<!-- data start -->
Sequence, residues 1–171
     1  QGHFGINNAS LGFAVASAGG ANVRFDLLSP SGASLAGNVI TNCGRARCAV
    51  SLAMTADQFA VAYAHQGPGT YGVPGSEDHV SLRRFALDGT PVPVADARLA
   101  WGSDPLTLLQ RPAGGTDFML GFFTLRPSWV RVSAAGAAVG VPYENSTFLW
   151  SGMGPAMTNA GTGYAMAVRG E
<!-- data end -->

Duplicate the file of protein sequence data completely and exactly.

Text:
Sequence, residues 1–171
     1  QGHFGINNAS LGFAVASAGG ANVRFDLLSP SGASLAGNVI TNCGRARCAV
    51  SLAMTADQFA VAYAHQGPGT YGVPGSEDHV SLRRFALDGT PVPVADARLA
   101  WGSDPLTLLQ RPAGGTDFML GFFTLRPSWV RVSAAGAAVG VPYENSTFLW
   151  SGMGPAMTNA GTGYAMAVRG E